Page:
The independent London newspaper

Our friend Nimo was so creative and generous

22 November, 2019

Nimo Younis

• WE are friends of Nimo Younis who attended an inquest into her death which ended on Monday, (Tears as coroner pays tribute to the friends who helped Islington artist, November 22).

There are many things that could be said of Nimo, as she was such a kind, loving, charismatic, creative, and generous person. She was also unusually insightful and intelligent, a true original!

Her energy was infectious and enigmatic and she impacted people with her passion for life wherever she went. She made the world her friend. Everyone would say of Nimo that “she had a heart of gold”.

During her life she accomplished many things – she was an artist, poet and personal trainer. Although she herself battled with depression she often advocated on behalf of other people who were in a similar position to ensure their needs were taking care of.

Nimo managed to overcome many difficulties incurred in her early life. She survived the war in Somalia but was orphaned, having lost her mother and then later her grandmother.

Finding herself completely alone she had to fend for herself living on the streets and experiencing many traumatic incidents. She arrived in London through the Red Cross in 1997, reuniting her with family in the UK.

Although she would have recurring episodes of illness directly related to her traumatic childhood, through her tenacity she transcended them, transforming her life, and others around her, with unrelenting resilience and positivity.

She dedicated her life to assisting others through her work as a personal trainer. She was very proud of her job, doing exercise referral for Aquaterra, working with people with physical illness to help them back into every-day activities.

She had a phenomenal work ethic and brought compassion, joy and laughter into training sessions, aiding her clients to live full and enriching lives through care of their bodies.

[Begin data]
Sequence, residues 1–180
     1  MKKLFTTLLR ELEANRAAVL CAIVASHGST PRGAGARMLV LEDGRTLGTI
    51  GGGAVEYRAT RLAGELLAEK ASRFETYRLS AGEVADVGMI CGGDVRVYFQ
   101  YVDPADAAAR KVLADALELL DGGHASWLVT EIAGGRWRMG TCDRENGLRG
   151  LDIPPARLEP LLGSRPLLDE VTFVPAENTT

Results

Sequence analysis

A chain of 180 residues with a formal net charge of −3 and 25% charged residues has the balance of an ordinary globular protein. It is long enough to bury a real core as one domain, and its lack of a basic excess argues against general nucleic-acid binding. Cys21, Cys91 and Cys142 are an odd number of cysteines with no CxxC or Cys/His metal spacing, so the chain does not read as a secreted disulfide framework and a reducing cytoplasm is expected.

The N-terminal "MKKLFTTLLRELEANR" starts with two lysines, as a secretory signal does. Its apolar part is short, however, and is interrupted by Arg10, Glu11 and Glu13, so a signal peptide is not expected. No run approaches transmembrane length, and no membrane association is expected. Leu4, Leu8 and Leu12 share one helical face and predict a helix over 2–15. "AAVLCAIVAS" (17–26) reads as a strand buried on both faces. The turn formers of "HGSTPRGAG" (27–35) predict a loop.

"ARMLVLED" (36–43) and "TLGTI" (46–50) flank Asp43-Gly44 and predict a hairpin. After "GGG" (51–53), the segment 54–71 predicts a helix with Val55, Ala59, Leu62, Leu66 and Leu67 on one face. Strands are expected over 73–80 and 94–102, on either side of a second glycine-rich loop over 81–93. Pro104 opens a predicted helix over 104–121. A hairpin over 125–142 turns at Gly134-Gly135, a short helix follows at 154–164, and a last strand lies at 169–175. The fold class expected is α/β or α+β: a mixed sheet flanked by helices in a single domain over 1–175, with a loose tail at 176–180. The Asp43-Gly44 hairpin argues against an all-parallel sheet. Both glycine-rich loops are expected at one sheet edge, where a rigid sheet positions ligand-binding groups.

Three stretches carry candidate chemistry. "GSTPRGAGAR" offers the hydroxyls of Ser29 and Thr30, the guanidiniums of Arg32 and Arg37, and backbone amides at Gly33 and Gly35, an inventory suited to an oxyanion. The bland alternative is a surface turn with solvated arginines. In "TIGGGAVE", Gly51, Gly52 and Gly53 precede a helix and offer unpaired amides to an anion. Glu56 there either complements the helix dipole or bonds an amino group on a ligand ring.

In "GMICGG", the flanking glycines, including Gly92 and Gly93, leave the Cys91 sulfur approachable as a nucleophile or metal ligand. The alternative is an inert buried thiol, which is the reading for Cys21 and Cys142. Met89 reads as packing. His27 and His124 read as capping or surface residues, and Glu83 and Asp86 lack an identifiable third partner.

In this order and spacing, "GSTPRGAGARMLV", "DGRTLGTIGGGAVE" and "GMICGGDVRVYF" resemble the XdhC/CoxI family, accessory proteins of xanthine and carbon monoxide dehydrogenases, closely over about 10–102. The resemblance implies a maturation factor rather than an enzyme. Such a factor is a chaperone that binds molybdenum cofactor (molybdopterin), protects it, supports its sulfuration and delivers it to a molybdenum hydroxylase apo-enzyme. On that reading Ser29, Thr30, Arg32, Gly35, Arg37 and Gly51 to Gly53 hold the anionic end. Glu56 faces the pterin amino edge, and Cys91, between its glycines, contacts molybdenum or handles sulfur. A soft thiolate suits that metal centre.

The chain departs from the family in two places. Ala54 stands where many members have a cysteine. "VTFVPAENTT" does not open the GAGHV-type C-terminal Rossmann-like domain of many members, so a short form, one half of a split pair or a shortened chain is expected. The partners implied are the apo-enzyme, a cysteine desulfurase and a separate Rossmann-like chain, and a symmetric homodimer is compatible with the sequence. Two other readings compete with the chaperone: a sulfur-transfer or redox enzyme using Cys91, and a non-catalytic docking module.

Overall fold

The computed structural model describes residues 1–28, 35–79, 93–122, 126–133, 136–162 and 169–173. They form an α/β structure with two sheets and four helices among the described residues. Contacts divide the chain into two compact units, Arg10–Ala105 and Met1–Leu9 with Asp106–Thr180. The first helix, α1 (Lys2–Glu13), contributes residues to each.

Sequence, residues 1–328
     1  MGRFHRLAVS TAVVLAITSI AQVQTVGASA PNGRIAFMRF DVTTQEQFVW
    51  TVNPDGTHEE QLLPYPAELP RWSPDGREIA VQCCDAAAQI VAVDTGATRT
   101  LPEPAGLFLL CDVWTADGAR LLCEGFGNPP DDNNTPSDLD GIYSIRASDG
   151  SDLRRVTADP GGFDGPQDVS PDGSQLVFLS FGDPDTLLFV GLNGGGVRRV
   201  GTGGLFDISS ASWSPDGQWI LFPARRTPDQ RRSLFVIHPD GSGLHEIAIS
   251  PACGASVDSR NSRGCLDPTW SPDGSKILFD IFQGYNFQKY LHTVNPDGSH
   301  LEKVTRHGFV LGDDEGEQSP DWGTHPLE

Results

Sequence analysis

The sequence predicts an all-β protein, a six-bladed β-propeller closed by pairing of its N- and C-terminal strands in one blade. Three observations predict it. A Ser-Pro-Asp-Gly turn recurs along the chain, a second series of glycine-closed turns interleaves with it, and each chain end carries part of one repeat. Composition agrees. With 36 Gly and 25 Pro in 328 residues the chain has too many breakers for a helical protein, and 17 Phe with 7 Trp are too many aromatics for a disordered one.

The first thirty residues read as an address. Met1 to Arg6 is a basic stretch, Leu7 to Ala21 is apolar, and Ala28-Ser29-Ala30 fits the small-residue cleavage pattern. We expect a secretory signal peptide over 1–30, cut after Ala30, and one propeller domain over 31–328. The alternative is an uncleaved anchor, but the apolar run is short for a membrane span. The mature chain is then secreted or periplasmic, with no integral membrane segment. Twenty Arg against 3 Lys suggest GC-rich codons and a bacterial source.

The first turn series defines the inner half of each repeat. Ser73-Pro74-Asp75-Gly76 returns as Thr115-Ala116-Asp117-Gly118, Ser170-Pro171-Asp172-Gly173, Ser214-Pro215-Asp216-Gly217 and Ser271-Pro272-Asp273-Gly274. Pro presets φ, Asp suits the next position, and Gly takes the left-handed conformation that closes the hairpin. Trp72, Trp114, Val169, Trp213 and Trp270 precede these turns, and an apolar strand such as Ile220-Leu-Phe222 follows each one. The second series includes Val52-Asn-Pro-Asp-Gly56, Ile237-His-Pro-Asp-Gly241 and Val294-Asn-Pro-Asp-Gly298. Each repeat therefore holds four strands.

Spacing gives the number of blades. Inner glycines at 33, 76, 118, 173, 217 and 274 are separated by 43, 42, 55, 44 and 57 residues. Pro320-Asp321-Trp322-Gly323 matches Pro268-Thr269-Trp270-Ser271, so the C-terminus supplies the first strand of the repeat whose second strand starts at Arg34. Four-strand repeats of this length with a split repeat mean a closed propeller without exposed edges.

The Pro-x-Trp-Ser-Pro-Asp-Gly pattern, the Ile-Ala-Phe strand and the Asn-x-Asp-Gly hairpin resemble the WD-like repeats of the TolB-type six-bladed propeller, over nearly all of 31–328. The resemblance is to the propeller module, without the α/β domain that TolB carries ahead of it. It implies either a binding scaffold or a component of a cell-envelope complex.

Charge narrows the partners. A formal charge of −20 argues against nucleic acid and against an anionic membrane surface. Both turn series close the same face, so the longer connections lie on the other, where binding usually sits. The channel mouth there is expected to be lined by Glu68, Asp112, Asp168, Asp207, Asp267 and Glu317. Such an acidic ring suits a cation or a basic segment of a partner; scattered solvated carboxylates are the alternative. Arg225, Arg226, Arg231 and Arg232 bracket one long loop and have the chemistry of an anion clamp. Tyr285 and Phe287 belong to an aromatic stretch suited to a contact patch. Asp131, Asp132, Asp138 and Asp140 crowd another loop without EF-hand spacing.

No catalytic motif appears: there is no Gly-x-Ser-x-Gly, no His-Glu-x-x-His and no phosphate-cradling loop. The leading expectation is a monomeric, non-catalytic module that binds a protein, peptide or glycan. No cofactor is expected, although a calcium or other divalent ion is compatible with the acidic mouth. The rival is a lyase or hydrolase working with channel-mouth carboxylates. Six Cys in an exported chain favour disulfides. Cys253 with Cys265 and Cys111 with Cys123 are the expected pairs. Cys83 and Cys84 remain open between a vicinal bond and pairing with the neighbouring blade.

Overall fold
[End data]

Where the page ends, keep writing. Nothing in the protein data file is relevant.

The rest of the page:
Being a personal trainer came as natural to her and gave her a zest for life. And because of her own journey she had much compassion and understanding of the challenges her clients faced and was able to reach the most closed and vulnerable people and get everyone to participate.

During her working life as a personal trainer she received many testimonials thanking her for improving their lives – assisting many to quit smoking, take up exercise more regularly, learn how to correctly balance exercise with healthy food and turn their lives around.

She was an inspiration and very appreciated, loved and admired.

For us it is a travesty that someone so great should meet their death so tragically, especially as it transpires that perhaps if the two corresponding bodies which were in the duty of care, the police and the mental health services, had better communicated, the urgent need to intervene would have been actioned much sooner.

There were 22 hours to save our precious Nimo and a lot of time was wasted deciding who (the NHS or police) would be responsible to locate her prior to her suicide.

Nimo communicated that she was contemplating suicide and was in great need hours before it occurred and we definitely feel that this could have been prevented had the bodies (hospital and police) acted with more urgency.

Towards the final months of her life Nimo had very much overcome many of these challenges and it was felt by us, her chosen family, Nicolette Webber, Jess Parish and Emma Southby, and her psychologist, Abi Herbert, that Nimo would pull through.



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